The UK has banned some single-use plastics. Activists say it's a small step. - Liberty

Friday, October 13, 2023

The UK has banned some single-use plastics. Activists say it's a small step.


The UK will ban single-use plastic cutlery as part of a wider ban in October. Justin Tallis

When England announced last weekend that it would ban some single-use plastic items such as cutlery and plates, environmentalists welcomed the move, calling it lukewarm applause rather than thunderous applause, rather than doing nothing. said it was better. called. Being asked is also considered a good move. Further changes are required.

While they were grateful for the action, some activists said the move comes after similar actions by their neighbors in the UK and ends up in landfills and oceans that take decades to decompose. said it was not ambitious to promote such single-use plastics.

“This is a step in the right direction,” said Nina Schrank, senior campaigner at Greenpeace UK. "But it's a small step."

England will ban single-use plastic plates, trays, bowls, cutlery, and some polystyrene cups and food containers from October. According to the government, 2.7 billion single-use cutlery and 721 million single-use plates are used in the UK annually, but only 10% of her is recycled.

England plans to ban plastic straws, cotton swabs, and drink stirrers in 2020. When announcing the new ban on Saturday, government officials said they were considering further measures, including a ban and mandatory labeling of plastic products such as wet wipes and cigarette filters. to help people. Please dispose of it properly.

The UK's Environment Agency said in a statement that the government would "facilitate" a beverage container deposit refund initiative and plan a "consistent UK recycling collection".

"Plastic is a scourge that devastates our streets and beautiful countryside, and we are determined to move away from a throwaway culture," Environment Minister Rebecca Pow said in a statement.

Governments around the world have adopted single-use plastic bans as a way to reduce plastic, most commonly focusing on products that can be made from other materials, such as straws and bags.

Proponents say the ban has been largely successful in limiting the types of plastic products covered, but a more comprehensive approach is needed. He later said Britain was lagging behind other countries.

The European Union approved a ban on single-use plastic products in 2018, which came into force three years later. England's neighbors Scotland and Wales each banned similar products last year. (Northern Ireland, her fourth member of the UK, does not.)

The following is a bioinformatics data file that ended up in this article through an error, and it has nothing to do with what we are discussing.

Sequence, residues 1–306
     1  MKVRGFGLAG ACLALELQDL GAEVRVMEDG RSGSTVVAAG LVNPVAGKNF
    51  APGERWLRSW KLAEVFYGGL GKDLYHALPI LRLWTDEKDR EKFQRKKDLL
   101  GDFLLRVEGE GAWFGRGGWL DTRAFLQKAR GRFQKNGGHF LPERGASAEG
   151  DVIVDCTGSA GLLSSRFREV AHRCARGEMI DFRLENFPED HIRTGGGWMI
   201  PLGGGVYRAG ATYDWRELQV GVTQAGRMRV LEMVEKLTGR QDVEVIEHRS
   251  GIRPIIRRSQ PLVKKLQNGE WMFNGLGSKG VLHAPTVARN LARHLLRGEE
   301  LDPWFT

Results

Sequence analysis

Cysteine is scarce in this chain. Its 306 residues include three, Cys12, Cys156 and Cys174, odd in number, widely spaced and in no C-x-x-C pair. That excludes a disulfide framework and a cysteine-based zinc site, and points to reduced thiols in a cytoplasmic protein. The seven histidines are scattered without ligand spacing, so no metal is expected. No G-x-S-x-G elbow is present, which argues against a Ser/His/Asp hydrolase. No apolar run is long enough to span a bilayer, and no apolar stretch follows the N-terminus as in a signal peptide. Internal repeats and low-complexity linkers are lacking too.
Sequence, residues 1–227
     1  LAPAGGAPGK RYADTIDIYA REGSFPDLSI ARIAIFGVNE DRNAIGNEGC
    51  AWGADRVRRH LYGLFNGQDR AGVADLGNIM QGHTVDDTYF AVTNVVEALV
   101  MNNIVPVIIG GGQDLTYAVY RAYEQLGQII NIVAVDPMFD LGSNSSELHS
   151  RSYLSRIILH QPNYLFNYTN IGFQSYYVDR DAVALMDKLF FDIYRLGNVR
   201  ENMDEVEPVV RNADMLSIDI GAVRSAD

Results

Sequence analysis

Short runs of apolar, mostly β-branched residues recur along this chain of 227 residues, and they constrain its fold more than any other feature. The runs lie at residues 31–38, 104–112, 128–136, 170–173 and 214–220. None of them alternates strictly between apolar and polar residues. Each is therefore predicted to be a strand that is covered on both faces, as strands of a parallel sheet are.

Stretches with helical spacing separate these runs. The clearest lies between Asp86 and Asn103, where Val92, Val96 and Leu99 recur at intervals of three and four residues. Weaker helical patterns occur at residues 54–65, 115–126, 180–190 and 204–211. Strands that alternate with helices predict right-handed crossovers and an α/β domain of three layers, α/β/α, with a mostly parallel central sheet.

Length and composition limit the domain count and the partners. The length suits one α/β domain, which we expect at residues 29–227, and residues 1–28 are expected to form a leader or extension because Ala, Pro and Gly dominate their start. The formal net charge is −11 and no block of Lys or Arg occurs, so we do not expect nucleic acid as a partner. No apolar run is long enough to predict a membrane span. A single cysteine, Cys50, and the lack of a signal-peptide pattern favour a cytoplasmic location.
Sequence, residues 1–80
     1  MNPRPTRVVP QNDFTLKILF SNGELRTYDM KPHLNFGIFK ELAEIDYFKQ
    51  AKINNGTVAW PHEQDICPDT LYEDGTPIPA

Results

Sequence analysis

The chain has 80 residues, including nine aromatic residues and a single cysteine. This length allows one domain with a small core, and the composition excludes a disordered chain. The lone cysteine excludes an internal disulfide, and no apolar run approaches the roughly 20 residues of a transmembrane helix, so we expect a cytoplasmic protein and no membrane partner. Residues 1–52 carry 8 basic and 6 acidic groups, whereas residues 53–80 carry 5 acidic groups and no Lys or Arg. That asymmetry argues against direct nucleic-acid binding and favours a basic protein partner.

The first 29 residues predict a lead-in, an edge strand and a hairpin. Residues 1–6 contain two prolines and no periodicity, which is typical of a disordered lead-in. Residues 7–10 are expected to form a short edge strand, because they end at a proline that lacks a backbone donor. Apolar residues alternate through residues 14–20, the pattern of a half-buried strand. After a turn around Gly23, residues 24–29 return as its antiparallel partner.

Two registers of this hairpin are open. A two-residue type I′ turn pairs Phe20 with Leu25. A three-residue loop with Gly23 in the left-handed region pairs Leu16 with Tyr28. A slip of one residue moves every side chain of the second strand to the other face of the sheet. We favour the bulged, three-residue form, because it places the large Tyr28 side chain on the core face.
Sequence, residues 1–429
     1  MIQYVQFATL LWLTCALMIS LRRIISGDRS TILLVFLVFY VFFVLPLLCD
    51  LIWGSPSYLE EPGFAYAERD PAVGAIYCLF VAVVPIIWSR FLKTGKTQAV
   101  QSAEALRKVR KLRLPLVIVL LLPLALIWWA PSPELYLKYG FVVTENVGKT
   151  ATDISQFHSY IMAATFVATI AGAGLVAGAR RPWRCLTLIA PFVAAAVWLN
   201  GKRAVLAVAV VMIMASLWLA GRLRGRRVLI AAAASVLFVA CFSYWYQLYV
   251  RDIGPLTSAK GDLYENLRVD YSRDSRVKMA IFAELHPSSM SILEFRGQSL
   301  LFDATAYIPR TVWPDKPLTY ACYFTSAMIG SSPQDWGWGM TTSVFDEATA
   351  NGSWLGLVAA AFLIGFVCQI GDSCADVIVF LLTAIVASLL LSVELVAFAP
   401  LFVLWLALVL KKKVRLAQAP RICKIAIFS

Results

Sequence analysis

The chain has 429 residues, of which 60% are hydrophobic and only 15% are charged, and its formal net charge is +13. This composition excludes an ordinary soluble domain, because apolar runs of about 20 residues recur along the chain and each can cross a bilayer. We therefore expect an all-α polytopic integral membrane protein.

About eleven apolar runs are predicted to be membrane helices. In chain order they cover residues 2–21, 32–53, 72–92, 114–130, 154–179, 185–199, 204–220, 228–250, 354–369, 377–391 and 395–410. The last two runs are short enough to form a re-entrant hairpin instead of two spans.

The United States does not have a federal ban on single-use plastic items, but some cities and states have their own prohibitions on things like plastic bags and straws. Reduce the use of plastic products and phase out single-use packaging that cannot be recycled or composted.

Environmental advocates say the UK ban on not including plastic takeout containers is not widespread enough. Tolga Akmen/Agency

A report by the Brussels-based group Seas at Risk found that the European ban had mixed consequences, with some countries getting ahead of others. It wasn't. The European Directive also addresses other common forms of single-use plastic, such as takeaway food containers, which the UK did not ban.

Frederique Mongodin, Senior Marine Litter Policy Officer, Seas at Risk, said:

When is the time to move? "Very late," she said.

With a European directive underway, activists are looking beyond individual product bans to measures such as promoting reusable containers.

Greenpeace rep Schrank said many of the biggest sources of plastic waste, such as food and grocery packaging, remain untouched. Snack bags and fruit and vegetable packages are among the most common items found in plastic waste, she said.

Rather than individual targets, she said she wants an aggressive government target to reduce single-use plastics by 50 percent.

It's not just about single-use plastic. Replacing single-use plastics with single-use products made from other materials is highly effective, says Larissa Hel-Copelo, manager of the consumption and production campaign for Zero Waste Europe.

For UK activists, all eyes are on what happens next. Steve Hind, policy director at Bristol-based environmental group City to Sea, said the ban was welcome but "these are agreed on minimum standards".

"This ban will help England catch up with other countries that have already implemented similar bans several years ago," he said. To become a true "global leader" in tackling plastic pollution, We need to go further. "